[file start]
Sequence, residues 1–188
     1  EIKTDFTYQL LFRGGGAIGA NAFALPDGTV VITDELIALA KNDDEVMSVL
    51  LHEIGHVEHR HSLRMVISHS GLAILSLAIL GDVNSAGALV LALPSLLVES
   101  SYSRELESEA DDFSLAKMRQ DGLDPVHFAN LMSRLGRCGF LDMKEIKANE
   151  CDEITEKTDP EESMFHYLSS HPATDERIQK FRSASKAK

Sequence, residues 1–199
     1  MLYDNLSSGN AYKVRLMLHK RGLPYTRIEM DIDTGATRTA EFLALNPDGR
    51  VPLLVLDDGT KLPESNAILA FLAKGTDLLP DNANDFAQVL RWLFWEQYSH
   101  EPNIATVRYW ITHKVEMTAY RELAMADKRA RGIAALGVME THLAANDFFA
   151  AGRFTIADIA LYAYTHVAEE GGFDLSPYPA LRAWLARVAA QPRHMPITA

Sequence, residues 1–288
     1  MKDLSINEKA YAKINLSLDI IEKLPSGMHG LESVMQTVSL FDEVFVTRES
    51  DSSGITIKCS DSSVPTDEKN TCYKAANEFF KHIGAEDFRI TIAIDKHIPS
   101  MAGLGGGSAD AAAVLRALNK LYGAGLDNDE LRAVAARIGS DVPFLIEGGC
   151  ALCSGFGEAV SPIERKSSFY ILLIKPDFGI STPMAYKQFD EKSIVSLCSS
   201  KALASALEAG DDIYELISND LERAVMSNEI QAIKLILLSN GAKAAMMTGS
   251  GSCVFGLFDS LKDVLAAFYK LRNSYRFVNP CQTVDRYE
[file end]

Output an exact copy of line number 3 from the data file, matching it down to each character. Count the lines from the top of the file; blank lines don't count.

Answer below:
    51  LHEIGHVEHR HSLRMVISHS GLAILSLAIL GDVNSAGALV LALPSLLVES